- Heroin Hydrochloride
- Hydrochloride, Diacetylmorphine
- Min-I-Jet Morphine Sulphate
Because heroin is one of the illicit drugs in the United States, many heroin addicts obtain heroin on the streets. Heroin is known in the streets by different names, depending on the area or what it is mixed with. Street heroin is usually cut with other substances to increase profit margins.
Here are some street names of heroin:
- Big H
- Birdie Powder
- Black Eagle
- Black Pearl
- Black Stuff
- Black Tar
- Brown Crystal
- Brown Rhine
- Brown Sugar
- Brown Tape
- China White
- Mexican Brown
- Mexican Horse
- Mexican Mud
- Number 2
- Number 3
- Number 4
- Number 8
- White Boy
- White Girl
- White Horse
- White Lady
- White Nurse
- White Stuff
- Witch Hazel
Spanish words for the drug include:
- Gato Heroina
- La Buena
- La Chiva
- Tigre Blanco
- Tigre del Norte
What is Heroin Used For?
Like other sedating drugs, heroin is a painkiller. Historically, the use of heroin was to treat acute pain including severe physical trauma, chronic pain, post-surgical pain, or pain caused by end-stage cancer or terminal illnesses.
But because of its addictive nature, the Drug Enforcement Administration (DEA) has now classified heroin as a Schedule I drug in the United States. This means that it has a high potential for abuse and is not accepted for any medical use.
Now, heroin is mostly used as a recreational drug. It is also being used to self-medicate severe muscle pain, bone pain, pain from injuries, and pain that is resistant to other drugs.
Heroin use in the United States has dramatically increased especially because of the opioid crisis, with 80% of heroin users admitting that they have started drug use after using prescription opioids.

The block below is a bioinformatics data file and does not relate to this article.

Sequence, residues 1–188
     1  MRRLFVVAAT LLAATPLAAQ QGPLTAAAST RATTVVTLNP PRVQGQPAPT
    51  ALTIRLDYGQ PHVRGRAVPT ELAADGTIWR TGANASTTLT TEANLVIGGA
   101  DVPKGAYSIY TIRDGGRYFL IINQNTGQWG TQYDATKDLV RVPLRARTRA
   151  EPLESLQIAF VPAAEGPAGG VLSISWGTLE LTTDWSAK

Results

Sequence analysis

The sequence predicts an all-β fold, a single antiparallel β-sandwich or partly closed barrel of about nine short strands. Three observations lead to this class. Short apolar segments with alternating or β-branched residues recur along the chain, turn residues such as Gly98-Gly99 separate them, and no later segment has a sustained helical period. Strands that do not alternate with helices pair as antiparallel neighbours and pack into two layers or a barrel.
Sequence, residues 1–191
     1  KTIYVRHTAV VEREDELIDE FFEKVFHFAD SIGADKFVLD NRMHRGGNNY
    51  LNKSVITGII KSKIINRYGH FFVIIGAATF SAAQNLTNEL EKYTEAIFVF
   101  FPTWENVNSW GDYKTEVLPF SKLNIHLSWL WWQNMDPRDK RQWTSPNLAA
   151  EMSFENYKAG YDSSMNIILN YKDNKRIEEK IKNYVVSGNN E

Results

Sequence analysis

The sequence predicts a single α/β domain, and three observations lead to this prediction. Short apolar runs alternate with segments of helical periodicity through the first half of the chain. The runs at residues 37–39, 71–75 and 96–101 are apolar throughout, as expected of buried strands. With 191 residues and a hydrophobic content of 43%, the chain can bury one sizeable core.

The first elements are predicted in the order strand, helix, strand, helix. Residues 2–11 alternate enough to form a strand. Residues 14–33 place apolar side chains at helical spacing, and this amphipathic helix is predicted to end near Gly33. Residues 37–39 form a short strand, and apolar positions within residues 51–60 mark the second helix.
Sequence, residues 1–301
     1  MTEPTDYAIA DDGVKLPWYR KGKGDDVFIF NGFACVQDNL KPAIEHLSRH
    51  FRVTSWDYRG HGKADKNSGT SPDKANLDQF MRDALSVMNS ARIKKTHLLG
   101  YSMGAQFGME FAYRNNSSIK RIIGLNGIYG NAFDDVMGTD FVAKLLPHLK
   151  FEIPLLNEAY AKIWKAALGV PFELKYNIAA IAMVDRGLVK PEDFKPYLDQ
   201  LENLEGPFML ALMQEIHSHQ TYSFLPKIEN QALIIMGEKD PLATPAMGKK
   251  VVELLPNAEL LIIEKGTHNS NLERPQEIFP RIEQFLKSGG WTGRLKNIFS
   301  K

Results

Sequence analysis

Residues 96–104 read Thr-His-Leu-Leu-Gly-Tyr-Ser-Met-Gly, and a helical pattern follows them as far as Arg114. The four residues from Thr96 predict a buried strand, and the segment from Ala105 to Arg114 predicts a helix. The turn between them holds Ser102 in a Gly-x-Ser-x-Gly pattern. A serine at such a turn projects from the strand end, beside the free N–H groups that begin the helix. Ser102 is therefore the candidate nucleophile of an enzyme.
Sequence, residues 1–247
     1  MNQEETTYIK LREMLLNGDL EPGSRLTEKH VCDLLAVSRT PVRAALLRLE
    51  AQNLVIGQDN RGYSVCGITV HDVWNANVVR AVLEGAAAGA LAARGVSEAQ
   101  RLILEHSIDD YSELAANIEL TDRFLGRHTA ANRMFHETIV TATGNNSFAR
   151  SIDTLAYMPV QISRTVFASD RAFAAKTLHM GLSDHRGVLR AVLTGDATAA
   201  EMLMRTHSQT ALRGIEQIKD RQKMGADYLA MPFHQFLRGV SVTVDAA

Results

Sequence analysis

When prescription opioids were regulated, many opioid addicts switched to heroin which is a much cheaper and stronger alternative.
According to a United Nations report, heroin is one of the most trafficked illegal drugs in the world. Executive Director Yury Fedotov of the United Nations Office on Drugs and Crimes said that heroin is the drug that kills most people worldwide. Fedotov added that it's critical for the international community to intensify its efforts to address this global threat. He also said that using the heroin research report included in the 2016 World Drug Report released by the United Nations can be a useful resource.
How Does Heroin Work?
Heroin works by entering the brain rapidly and binding to the opioid receptors in the brain. Similar to other opioid drugs like morphine, codeine, and oxycodone, heroin also affects opioid receptors.
Opioid receptors are found in areas of the brain that control pain and pleasure. When an opioid drug reaches these opioid receptors, it causes a release of dopamine in the brain which gives the user a feeling of euphoria or “high.”
This is why like other opioid drugs, heroin use can give a feeling of well-being. Users report a surge of pleasure immediately after taking opioid drugs like heroin. However, users would usually feel drowsy or mentally confused for several hours after taking heroin.